I’ll try to write about this with as little abject fury as possible. Yesterday morning, my Facebook feed was full of sympathetic posts about Janay Rice, some good burgeoning conversations about domestic violence and how it’s been swept under the rug and normalized by our culture — but by the afternoon more than half the conversations I saw centered around statements like “What, was she stupid?” or “Anyone with half a brain knows how a MAN should act” or “If she’s going to stay, she’s bringing it on herself.”
Did the Hulk do diaphragmatic breathing or something? What were his methods? I need to know. Keep reading »
Yesterday, after TMZ released video footage of Baltimore Ravens player Ray Rice brutally attacking his then-fiance Janay Palmer, Rice was cut from the team by the NFL. Instead of sympathy or concern, Janay has mostly been the target of criticism, in particular for marrying her abuser and/or somehow inciting the violence in the first place. Writer Beverly Gooden grew fed up with the victim-blaming nonsense she saw on her Twitter feed, and decided to share her own story of abuse. Gooden told Mic, ”When I saw those tweets, my first reaction was shame. The same shame that I felt back when I was in a violent marriage. It’s a sort of guilt that would make me crawl into a shell and remain silent. But today, for a reason I can’t explain, I’d had enough. I knew I had an answer to everyone’s question of why victims of violence stay. I can’t speak for Janay Rice, I can only speak for me…I want people to know that they have a voice! That they have the power. That’s so critical, that survivors feel empowered.” Keep reading »
When gun violence is addressed, the first thing that comes to mind are horrific mass shootings, but one of the most common victims of gun violence are women with abusive partners. Abused women are five times more likely to be murdered by their abuser if the abuser owns a gun, and more than half of all women murdered by guns in the US are killed by their partners. The nonprofit Everytown put together this powerful ad in support of the Protecting Domestic Violence and Stalking Victims Act, which would prevent domestic abusers and stalkers from being able to get a gun. It’s hard to think of scenes like this as a reality, but they will continue to happen every day until policy changes are in place to better protect women. Think before pressing play, because it’s a bit disturbing. [Smart Gun Laws, Everytown]
Berryville, Arkansas — Two days before she died, Laura Aceves stood on the side of the road and frantically dialed the police for the last time.
It was early afternoon and the 21-year-old had finished her shift at the Berryville Tyson Foods plant, where she worked on an assembly line deboning chicken. Moments after pulling out of the parking lot, her car broke down. At the nearest service station, a mechanic identified the problem: Someone had poured bleach in her gas tank. Read more on Huffington Post…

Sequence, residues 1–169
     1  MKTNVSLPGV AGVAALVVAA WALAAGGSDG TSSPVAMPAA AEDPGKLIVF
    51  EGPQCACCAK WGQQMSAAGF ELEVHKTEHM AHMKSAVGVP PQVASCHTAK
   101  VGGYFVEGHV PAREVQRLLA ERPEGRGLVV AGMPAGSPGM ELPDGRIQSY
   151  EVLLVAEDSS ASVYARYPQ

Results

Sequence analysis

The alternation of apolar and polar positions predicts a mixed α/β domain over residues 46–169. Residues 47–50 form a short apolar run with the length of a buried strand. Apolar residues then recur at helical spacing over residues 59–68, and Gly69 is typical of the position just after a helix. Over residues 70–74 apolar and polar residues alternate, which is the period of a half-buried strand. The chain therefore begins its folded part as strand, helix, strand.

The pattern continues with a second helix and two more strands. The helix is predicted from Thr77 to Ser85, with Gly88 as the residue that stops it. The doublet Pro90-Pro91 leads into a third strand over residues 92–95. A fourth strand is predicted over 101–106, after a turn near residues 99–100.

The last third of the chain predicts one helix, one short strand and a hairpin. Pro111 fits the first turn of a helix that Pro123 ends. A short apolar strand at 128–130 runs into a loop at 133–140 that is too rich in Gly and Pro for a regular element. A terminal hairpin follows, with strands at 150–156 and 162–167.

Mother’s Day is when advertising distills motherhood down to home-cooked brunch, a bracelet, or a fragrant bouquet. But for far too many people, the relationship with their mom is a complicated one. Not all mothers have been nurturing and caring; not all daughters and sons have overcome the trauma of their childhoods as adults. There can be a lot of love in a mother-child relationship, but also a deep well of pain. That’s why The End Of Eve: A Memoir, by Ariel Gore, is the perfect antidote to Mother’s Day.
Several years ago, Gore, who is the editor of Hip Mama magazine, was happily in a relationship with her partner and raising a college-aged daughter and a toddler son, when she got some news. Her narcissistic, emotionally abusive mother, Eve, announced she had cancer.
So, Gore and her family picked up their lives and moved to spend the last couple of years caring for Eve — who, in turn, made everyone’s lives difficult in every possible way, like reporting Gore and her partner to Child Protective Services for (nonexistent) child abuse. But Gore was dedicated to both caring for her sick mom and trying to keep her relationship with her girlfriend together.
As a memoirist, Ariel Gore is gifted: she is able to tell a heartbreaking story of illness and betrayal with the perfect mix of respect, humor and irreverence. I called Gore at home to talk about The End Of Eve, which I absolutely devoured. Our conversation is after the jump!
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I woke up the morning after feeling irritated, a clutching pain behind my eyes. Alert, but not wanting to do anything. There it was, that vague feeling of dis-ease, a familiar disconnection.
It’s difficult to admit how personally triggered I was by Dylan Farrow’s open letter in The New York Times. I would rather ignore it, throw myself into work or blame the feeling on something else— maybe I’m mad at my boyfriend. Maybe it’s my body; maybe I could make the way I’m feeling about the way I look— but that’s not the truth. I know what’s wrong and— like Farrow’s story itself, it’s worth saying out loud.
It was less Farrow’s letter than it was people’s reactions that had upset me. “Friends” on Facebook jumped to Woody Allen’s defense, many posting that awful piece on Daily Beast as if it were some kind of counterpoint. Yeah, it’s Facebook, I know I shouldn’t care. But my connections to people, however they come, are important. And besides, some of these people were friends in real life, individuals that I used to trust and respect. That trust and respect was gone.
Reading through comments, I found myself sickened. I mean, if it’s your position that you don’t know what happened, why say anything at all? Why re-enforce the message to survivors that we won’t be believed? That we’re making it up and anyways, who cares?
This is exactly what perpetrators do, I thought to myself. This is exactly what makes our traumas traumatic. Keep reading »